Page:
The data the Pentagon is sharing now is not enough for U.S. space operators to make educated decisions about whether they need to move their satellites, Hitchens noted.

“The data that the DoD shares is so general and so vague that it doesn’t give operators the tools they need to make the decision,” she said.

One of the main reasons the United States decided to switch commercial space tracking management responsibility to the Commerce Department was because the Pentagon could not share all of its data, Hitchens said. “But if its secrecy requirements are going to be imposed on the Commerce Department, it’s going to tie the Commerce Department’s hands.”

The department will begin working on ways to streamline regulations to encourage U.S. commercial satellite operators and incentivize participation in the space marketplace, Hitchens said.

It will also be tasked with creating regulations for remote proximity operations, which include the mission of active debris removal.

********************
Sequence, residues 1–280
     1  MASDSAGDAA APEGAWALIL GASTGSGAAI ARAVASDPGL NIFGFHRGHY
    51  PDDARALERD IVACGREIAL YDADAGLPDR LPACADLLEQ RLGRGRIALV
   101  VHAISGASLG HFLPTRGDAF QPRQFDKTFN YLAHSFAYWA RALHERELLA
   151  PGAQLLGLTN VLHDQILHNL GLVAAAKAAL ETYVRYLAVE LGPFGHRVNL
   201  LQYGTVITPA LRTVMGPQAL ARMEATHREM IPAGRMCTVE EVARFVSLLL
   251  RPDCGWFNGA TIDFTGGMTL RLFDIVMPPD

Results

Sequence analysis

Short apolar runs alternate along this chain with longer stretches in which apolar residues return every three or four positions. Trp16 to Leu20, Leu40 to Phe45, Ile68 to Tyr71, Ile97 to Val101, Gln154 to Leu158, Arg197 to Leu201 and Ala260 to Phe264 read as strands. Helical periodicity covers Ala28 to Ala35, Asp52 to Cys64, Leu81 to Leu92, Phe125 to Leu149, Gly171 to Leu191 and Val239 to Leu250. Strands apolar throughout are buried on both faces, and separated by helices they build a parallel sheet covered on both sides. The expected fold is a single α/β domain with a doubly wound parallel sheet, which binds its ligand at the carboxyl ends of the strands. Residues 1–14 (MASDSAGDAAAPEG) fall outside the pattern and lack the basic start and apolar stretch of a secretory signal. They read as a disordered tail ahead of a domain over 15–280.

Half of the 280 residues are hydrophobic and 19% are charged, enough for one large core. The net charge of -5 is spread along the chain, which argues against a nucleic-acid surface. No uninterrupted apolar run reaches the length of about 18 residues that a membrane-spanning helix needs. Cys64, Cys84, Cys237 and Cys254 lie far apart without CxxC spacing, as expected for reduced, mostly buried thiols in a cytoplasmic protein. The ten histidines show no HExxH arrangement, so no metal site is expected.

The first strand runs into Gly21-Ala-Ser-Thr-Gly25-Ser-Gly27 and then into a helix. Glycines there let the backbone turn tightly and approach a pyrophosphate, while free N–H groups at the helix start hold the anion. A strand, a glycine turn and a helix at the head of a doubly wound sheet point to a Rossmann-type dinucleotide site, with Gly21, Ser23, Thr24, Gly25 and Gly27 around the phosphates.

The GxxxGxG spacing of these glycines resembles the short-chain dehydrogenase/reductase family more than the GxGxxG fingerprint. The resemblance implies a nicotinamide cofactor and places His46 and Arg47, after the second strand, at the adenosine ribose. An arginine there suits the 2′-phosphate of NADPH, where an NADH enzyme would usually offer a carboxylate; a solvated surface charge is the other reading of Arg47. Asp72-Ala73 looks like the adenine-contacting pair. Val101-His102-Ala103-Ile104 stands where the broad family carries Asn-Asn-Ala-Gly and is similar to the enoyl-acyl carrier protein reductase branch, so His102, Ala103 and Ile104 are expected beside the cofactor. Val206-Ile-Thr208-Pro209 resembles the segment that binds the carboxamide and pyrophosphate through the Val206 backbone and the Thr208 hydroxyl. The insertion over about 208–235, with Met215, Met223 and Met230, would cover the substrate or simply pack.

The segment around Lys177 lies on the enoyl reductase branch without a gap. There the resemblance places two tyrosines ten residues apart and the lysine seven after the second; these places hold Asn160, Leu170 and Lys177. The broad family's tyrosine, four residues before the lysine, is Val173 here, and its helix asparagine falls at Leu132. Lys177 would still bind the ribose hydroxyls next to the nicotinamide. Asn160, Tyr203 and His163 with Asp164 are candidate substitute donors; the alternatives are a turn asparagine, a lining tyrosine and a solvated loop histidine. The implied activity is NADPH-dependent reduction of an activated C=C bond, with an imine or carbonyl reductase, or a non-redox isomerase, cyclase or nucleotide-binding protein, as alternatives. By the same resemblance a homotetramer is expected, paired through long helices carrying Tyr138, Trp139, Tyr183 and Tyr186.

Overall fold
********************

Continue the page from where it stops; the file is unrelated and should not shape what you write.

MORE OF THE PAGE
“Under what circumstances can a company remove debris?” Hitchens asked. “Does it have to get permission from the satellite owner or operator?”

The Outer Space Treaty, an agreement that began in 1967 and forms the basis of international space law, says that if an object is put into space by a nation, that nation owns it, even if it has broken up into thousands of pieces of debris, Hitchens noted.

“There is Russian debris, American debris — that is owned by the [respective] government,” she said. “A question that will have to be addressed is, will companies in the future have the legal right to remove that debris?”

In an effort to address issues surrounding the satellite servicing industry, which includes remote proximity operations and debris removal, the Defense Advanced Research Projects Agency created an initiative known as the Consortium for Execution of Rendezvous and Servicing Operations, or CONFERS. Its goal is to develop standards and best practices for safe and sustainable remote proximity operations and on-orbit satellite servicing.